From ‘Where the Suburb Dams the City’

 

I.
My parents minted their love in the mountains
got coaxed back by relatives who lied about dying instead of just saying “I miss you”—
they were chosen by you, Chicago. To be under the tax of your county but not
the history of its street names. I know it gets hard to discern pay grade
from fate, I know it’s too bitter to consider them the same. Made me learn your trains
are braver than your statesmen, running with every class,
overworked and underfunded, like your bloodlines go where only your wish can reach.
And where one of your Blues ended always sounded like a question,
between 22’s and Kings, from my 2nd floor Cicero porch, all my friends
answered the ramblings you left on the bellies of ethanol tanks screeching
through our town, traffic stopped like a public service announcement in
another language, like we ought to stare at how the wonder of money
shoulders the opiate of progress, it’s ladders clutched around a stomach
sick or cold or smuggling something.

II.

I have met the men who obscure into your factories,
exiles in your quarries: they risk the strangle if you decide to embrace.
They know what could become of them if you dissolved into your rivers.
They would be left to choose what is beautiful without you manufacturing pretty,
there would be no opportunity for a man who’s craft is only a scaffold,
pulley, tuck-point: if they call you by what you do you’d be “under renovation,
new ownership, forever” or duress, or the weather you brew
blooming artists and restorers who’re not sure they ever finished a piece.
When you say you’re never scared
does that mean you were once scared of everything, Chicago?
That any dream that hits your plexi-glass comes back in Technicolor,
even the evil ones? Everyone in you knows we are past decay:
we are wondering if we’re resurrecting or rotting. I know your borders
will never take my town back—that you spent all your acoustics on venues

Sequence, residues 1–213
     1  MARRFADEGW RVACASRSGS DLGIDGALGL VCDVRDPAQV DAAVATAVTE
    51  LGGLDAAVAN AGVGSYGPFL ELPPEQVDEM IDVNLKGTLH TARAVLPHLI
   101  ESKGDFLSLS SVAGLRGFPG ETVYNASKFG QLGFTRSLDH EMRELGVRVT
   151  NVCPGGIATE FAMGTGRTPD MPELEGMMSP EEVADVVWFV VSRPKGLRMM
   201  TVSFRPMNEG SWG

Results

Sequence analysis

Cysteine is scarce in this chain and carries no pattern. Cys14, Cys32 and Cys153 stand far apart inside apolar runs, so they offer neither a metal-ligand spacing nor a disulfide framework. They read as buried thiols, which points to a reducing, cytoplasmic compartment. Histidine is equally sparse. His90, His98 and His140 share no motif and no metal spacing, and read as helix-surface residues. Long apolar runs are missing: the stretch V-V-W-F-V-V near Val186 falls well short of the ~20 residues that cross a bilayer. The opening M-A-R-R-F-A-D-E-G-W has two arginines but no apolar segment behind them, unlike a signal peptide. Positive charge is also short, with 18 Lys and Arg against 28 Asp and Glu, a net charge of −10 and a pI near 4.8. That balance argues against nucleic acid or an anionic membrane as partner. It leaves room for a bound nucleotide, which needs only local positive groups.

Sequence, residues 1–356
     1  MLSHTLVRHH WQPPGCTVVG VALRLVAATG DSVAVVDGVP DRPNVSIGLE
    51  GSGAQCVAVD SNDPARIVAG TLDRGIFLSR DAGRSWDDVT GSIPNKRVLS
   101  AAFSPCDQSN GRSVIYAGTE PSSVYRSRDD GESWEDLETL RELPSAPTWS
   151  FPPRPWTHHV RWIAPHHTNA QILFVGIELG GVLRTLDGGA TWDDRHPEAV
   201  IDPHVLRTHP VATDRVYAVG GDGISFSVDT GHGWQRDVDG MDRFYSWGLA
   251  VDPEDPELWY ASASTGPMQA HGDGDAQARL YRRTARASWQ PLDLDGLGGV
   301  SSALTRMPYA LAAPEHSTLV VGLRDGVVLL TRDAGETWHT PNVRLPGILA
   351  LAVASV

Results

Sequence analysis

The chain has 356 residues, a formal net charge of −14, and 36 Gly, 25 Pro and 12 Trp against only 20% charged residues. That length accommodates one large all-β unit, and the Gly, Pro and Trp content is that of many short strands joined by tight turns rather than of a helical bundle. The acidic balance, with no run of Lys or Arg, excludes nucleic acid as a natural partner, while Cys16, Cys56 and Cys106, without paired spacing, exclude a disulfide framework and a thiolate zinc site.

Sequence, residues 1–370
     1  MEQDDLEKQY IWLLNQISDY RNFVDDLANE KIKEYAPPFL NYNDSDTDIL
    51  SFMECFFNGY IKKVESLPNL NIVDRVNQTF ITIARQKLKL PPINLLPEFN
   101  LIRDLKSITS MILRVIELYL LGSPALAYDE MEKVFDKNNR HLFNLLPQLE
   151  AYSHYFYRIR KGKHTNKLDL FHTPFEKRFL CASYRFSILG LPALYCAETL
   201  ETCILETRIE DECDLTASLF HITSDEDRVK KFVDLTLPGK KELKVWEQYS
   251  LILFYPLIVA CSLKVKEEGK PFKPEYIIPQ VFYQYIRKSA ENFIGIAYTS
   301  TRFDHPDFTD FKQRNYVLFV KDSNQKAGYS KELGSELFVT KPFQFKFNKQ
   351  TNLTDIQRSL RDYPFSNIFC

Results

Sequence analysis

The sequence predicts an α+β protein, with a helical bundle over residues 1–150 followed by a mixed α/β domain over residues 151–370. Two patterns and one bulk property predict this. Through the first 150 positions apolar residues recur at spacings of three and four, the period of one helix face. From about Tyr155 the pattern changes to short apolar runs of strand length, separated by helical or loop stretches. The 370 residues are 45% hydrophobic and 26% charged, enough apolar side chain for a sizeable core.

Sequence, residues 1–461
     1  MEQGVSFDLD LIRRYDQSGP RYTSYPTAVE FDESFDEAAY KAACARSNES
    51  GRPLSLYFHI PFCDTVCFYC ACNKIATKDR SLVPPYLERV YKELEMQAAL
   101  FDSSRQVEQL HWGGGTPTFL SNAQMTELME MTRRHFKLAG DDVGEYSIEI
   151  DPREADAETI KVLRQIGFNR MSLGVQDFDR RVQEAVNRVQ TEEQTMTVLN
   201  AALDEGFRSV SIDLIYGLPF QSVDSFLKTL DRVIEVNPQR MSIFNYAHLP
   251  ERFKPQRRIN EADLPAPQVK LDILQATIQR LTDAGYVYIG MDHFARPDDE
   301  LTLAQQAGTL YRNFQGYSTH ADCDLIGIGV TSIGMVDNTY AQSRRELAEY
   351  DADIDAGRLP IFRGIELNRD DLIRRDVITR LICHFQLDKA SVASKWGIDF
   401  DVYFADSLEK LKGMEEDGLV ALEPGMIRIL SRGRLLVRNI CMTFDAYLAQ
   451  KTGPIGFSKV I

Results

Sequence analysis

and saved little for your district courts,but do you tenement your struggle
and two-flat your middle class as some act of leveling the horizon?
Do you keep your ghetto in exile and call it mercy
to allow identification with Israelites and wonder at why a church
on every block don’t mean a kingdoms come?
Condos as ownership of sky because the land is spoken for,
deep down to its parking spaces?

III.

Or are you just what we’ve always been when we gather around these ports,
braving parasites of trade to hope one carries the gold inside prosperity
not of ambition, but wisdom? Did you hope too that our synthesis wouldn’t mean syncretism?
That cardinal direction wouldn’t play legend for socio-economic or moral state,
graduation or mortality rate?
O greed, you reload the documentaries with facts
you’ve already engineered out weakness to.
Doesn’t matter if it’s State & Madison: no one knows where you’re taking them.
But you’re lost too aren’t you? Curled up at the ankle of this lake
wondering what you’d have been like raised next to alps.
Quotient of haphazard by providence, on the spokes of echelon and erudition,
You are accident divided by miracle, titan by way of murder, like all the old kingdom
but it’s no accident your roads against your chest
look like fence link. You’ve fortified yourself
with city like your impenetrable citizens—
you packed cart on the train of America whose silence is a coin flip,
fearlessness or fear, whose IPod I should’ve stole, who never looks me in the eye.
Those who think belief in God makes you beg response from inanimate objects
never lived in the apartment next to you, hoping to hold the door open
when you’re swamped with groceries because you nodded in the hallway
with that look like you’re the guy I’ll come to when I get locked out,
like you’ve asked me before but can’t remember my name.

—Michael Garza

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